Identification of novel variants in neonatal diabetes mellitus genes in Egyptian patients with permanent NDM

  • Hanan MadaniEmail author
  • Rasha Elkaffas
  • Badawy Alkholy
  • Noha Musa
  • Yomna Shaalan
  • Rania Elkaffas
  • Mona Hassan
  • Mona Hafez
  • Sarah E Flanagan
  • Elisa De Franco
  • Khalid Hussain
Original Article


Neonatal diabetes mellitus (NDM) is a monogenic form of diabetes resulting from mutations in more than 20 different genes encoding proteins playing a key role in the normal function of the pancreatic beta-cell. Mutations in the genes encoding the ATP-sensitive potassium channel, ABCC8, and KCNJ11 and insulin (INS) gene are the most common causes of NDM; however, in consanguineous populations, EIF2AK3 mutations are more common. Identification of the causative mutations by genetic testing is critical for appropriate management and to guide genetic counseling. To determine the genetic etiology of NDM in diabetic neonates and infants diagnosed before the age of 1 year and to describe their phenotype/genotype characteristics, DNA sequencing of coding regions and intronic boundaries of ABCC8, KCNJ11, INS, and EIF2AK3 genes was undertaken in 20 patients. Further, targeted next-generation sequencing was performed for other genes known to cause NDM. ABCC8 mutations were found in two patients (10%), with compound heterozygous mutations (p.N131 K/p.R598*) in one patient and a homozygous mutation (p.R1554Q) in the another patient. Heterozygous p.A174G and p.V59M mutations of KCNJ11 were identified in two patients (10%), and homozygous EIF2AK3 mutations were identified in two further patients (p.T905fs and p.R653T) (10%). No INS mutations were identified. Further testing identified a SLC19A2 mutation (p.W387*) in one patient (5%) and the same homozygous GCK mutation in two siblings (p.A188T). ABCC8, KCNJ11, and EIF2AK3 mutations were the main genetic causes of permanent NDM among Egyptian neonates.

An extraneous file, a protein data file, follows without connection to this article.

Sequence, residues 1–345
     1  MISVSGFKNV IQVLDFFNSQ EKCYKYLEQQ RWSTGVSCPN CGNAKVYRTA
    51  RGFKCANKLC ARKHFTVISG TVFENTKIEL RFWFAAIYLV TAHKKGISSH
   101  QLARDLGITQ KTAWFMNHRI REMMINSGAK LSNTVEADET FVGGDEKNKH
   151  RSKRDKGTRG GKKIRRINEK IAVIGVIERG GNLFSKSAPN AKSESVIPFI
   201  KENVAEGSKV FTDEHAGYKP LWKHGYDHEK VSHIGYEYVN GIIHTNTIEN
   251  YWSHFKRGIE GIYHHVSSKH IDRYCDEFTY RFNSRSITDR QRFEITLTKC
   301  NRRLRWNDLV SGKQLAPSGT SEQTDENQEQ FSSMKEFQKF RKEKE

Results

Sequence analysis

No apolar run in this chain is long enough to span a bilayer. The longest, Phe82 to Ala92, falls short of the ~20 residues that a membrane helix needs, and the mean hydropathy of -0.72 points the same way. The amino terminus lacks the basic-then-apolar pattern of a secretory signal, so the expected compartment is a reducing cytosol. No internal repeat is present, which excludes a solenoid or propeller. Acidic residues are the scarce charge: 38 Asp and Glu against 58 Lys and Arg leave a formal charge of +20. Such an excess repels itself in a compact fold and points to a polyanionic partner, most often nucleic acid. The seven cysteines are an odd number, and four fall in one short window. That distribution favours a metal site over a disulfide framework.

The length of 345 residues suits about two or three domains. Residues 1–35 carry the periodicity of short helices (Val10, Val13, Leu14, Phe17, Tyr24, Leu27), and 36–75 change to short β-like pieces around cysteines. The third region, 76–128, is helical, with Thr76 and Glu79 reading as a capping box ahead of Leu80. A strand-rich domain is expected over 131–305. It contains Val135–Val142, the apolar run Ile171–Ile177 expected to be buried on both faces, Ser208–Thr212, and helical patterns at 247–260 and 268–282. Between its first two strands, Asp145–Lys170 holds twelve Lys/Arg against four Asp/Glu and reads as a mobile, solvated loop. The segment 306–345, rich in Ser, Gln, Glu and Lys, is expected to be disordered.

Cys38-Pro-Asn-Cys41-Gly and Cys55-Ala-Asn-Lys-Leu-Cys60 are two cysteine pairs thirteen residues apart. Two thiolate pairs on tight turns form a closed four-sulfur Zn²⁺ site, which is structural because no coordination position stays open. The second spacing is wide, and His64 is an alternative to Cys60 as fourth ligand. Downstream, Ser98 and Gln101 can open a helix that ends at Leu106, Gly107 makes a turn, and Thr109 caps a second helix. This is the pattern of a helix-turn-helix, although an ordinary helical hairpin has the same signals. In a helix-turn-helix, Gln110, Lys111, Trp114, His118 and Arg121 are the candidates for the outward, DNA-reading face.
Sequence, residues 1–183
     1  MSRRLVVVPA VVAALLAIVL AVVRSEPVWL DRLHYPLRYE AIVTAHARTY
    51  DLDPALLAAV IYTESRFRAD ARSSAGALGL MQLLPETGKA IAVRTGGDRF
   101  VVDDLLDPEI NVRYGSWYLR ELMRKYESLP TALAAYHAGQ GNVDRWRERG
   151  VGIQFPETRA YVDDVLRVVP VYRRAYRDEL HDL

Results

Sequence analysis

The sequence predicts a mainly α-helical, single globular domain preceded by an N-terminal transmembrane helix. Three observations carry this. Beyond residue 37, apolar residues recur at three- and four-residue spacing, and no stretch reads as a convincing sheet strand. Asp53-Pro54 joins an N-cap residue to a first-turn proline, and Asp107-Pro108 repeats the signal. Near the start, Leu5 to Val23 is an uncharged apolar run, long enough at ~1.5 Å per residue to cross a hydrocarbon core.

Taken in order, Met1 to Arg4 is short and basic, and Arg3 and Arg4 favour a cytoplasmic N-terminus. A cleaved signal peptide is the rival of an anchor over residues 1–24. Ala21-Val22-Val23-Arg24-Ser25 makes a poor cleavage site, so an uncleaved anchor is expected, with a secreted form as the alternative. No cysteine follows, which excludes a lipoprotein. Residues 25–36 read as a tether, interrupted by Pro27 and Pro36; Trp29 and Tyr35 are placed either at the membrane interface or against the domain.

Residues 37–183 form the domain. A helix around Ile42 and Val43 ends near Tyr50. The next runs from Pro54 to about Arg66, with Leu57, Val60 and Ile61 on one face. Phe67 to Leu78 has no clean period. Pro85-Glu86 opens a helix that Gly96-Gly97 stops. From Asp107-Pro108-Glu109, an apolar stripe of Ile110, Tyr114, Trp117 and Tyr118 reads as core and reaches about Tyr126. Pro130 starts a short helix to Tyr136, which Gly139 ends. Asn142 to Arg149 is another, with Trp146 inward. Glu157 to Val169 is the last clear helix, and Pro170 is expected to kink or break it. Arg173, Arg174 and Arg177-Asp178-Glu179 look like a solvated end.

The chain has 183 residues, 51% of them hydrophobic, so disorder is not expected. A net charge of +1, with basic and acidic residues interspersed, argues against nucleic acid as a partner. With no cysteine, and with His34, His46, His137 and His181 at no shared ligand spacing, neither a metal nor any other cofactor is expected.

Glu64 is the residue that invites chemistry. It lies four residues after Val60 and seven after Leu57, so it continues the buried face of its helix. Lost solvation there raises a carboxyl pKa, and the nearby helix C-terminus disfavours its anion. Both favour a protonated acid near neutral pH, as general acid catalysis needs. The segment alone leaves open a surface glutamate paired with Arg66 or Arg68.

NDM in Egypt Genetic screening ABBC8 KCNJ11 INS mutations 



This study was financially supported by the Egyptian Ministry of Higher Education-Culture Affairs and Missions Sector and by the Wellcome Trust. SEF has a Sir Henry Dale Fellowship jointly funded by the Wellcome Trust and the Royal Society (Grant Number 105636/Z/14/Z).

Compliance with ethical standards

Conflict of interest

The authors declare that they have no conflict of interest.

Ethical approval

All procedures performed in studies involving human participants were in accordance with the ethical standards of the institutional and/or national research committee and with the 1964 Helsinki declaration and its later amendments or comparable ethical standards.

Informed consent

Informed consent was obtained from parents of all patients included in the study.


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Copyright information

© Research Society for Study of Diabetes in India 2018

Authors and Affiliations

  • Hanan Madani
    • 1
    Email author
  • Rasha Elkaffas
    • 1
    • 2
  • Badawy Alkholy
    • 1
  • Noha Musa
    • 3
  • Yomna Shaalan
    • 3
  • Rania Elkaffas
    • 3
  • Mona Hassan
    • 3
  • Mona Hafez
    • 3
  • Sarah E Flanagan
    • 4
  • Elisa De Franco
    • 4
  • Khalid Hussain
    • 2
    • 5
  1. 1.Clinical and chemical pathology department- Faculty of MedicineCairo UniversityCairoEgypt
  2. 2.UCL GOS Institute of Child HealthUCLLondonUK
  3. 3.Pediatric department- Faculty of MedicineCairo UniversityCairoEgypt
  4. 4.Institute of Biomedical and Clinical ScienceUniversity of Exeter Medical SchoolExeterUK
  5. 5.Sidra Medical & Research centerDohaQatar

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